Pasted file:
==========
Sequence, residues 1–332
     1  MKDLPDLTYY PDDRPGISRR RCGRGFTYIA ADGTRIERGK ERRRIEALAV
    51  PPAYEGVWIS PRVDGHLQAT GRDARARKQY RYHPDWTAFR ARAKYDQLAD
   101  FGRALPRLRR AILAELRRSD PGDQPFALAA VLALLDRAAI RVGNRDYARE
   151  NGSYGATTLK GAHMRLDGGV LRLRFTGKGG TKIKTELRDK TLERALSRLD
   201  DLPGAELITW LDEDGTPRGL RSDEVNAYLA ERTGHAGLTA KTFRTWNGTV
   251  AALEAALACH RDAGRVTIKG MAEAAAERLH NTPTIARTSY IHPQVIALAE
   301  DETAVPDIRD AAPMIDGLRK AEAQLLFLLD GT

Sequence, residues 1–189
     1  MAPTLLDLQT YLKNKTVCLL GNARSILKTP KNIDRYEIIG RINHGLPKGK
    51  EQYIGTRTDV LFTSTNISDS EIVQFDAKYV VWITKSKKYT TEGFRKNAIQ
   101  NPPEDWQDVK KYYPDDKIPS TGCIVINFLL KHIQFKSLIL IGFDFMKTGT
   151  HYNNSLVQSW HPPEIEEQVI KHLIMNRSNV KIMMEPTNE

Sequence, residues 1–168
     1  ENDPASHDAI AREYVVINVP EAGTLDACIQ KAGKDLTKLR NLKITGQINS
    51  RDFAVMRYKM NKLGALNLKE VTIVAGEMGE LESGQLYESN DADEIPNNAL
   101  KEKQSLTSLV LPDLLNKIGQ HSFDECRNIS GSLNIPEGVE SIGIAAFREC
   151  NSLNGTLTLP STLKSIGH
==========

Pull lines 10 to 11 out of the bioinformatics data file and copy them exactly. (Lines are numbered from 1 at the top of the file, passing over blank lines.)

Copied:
     1  MAPTLLDLQT YLKNKTVCLL GNARSILKTP KNIDRYEIIG RINHGLPKGK
    51  EQYIGTRTDV LFTSTNISDS EIVQFDAKYV VWITKSKKYT TEGFRKNAIQ